Jones has seen myriad changes during his time at the university: periodic reductions in state support, greater dependence on tuition and growing private support for the university from alumni and friends. At the same time, he’s also worked with leaders in Richmond and friends of the university to secure hundreds of millions of dollars to support capital projects for nearly every corner of campus. Throughout it all, Jones has worked to protect the university and its mission.
“I’ve always said that whether you're cutting budgets, or whether you’re investing new money, the priorities you have, things of strategic importance, really shouldn't change,” said Jones. “We’ve always had a commitment to protect the academic side as much as possible. At the end of the day, it’s all about the students and their education.”
When reflecting on his success, Jones credits the people he’s worked with, both within the university and across the state.
“It has been wonderful to work with such incredible individuals in so many different facets of the job,” Jones said. “I’m very happy to see Amy take on these additional responsibilities. She is a true asset to William & Mary and a real leader.”
After retirement, Jones and his wife, Julie Reynolds Jones ’76, plan on spending more time on the Eastern Shore and finding options for volunteer work.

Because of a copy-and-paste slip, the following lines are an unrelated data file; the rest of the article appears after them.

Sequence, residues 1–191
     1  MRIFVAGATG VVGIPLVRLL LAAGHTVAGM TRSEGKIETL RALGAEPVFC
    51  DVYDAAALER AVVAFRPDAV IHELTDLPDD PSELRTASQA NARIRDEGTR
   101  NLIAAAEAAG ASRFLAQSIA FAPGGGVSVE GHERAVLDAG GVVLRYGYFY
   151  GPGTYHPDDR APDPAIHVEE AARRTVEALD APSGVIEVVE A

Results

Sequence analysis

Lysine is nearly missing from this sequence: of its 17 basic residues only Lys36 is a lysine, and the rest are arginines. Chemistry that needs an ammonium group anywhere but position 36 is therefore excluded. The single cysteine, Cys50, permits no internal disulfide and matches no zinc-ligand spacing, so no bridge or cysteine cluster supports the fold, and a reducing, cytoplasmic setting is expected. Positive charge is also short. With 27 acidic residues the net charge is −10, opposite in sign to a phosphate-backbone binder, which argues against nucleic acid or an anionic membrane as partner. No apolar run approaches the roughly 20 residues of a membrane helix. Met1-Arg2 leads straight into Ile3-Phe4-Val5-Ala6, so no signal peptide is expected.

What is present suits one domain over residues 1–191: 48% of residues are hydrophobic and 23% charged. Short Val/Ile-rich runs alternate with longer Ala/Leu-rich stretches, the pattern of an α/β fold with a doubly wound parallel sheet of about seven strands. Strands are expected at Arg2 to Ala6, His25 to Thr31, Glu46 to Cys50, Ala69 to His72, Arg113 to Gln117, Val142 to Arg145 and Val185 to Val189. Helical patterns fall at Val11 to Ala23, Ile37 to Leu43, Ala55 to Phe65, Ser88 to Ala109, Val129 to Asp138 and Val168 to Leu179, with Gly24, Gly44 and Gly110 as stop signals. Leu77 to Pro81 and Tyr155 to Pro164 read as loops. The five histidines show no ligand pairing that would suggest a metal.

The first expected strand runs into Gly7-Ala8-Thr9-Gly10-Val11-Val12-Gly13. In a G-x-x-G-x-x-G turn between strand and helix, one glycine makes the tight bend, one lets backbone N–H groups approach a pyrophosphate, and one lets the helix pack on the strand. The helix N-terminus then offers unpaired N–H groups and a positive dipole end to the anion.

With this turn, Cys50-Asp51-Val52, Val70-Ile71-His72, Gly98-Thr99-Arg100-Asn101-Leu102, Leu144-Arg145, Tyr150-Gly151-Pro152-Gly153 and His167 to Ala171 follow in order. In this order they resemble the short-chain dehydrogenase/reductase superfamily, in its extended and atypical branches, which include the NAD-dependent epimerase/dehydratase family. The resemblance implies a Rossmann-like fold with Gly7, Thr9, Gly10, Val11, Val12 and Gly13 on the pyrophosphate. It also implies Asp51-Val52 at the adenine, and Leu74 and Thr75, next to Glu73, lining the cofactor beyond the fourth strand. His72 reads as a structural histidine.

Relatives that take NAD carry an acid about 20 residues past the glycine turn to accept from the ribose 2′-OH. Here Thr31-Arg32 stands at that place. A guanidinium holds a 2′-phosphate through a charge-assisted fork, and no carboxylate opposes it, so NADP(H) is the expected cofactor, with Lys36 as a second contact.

Sebring began as William & Mary’s first chief financial officer in 2016 after serving as senior associate dean for finance and administration at Virginia Commonwealth University School of Medicine and executive director and chief operating officer of MCV Physicians.
Before that, she held a number of financial and administrative roles in higher education. Prior to her work at VCU, she was a legislative analyst for the Virginia Senate Finance Committee from 2003 to 2006, finance policy director at the State Council of Higher Education for Virginia from 2000 to 2002, a budget analyst for the Virginia Department of Planning and Budget from 1997 to 2000 and a research associate for the Education Commission of the States from 1995 to 1997.
“Sam has been such a tremendous leader for both the university and Virginia higher education for decades,” Sebring said. “I am so grateful for his mentorship and the confidence President Rowe has expressed in my ability to step into the COO role. It’s an important time for William & Mary, particularly as we set the university’s strategic course for the coming decade. I am excited about the work ahead and look forward to working in partnership with faculty, staff and students as we imagine and realize our future potential.”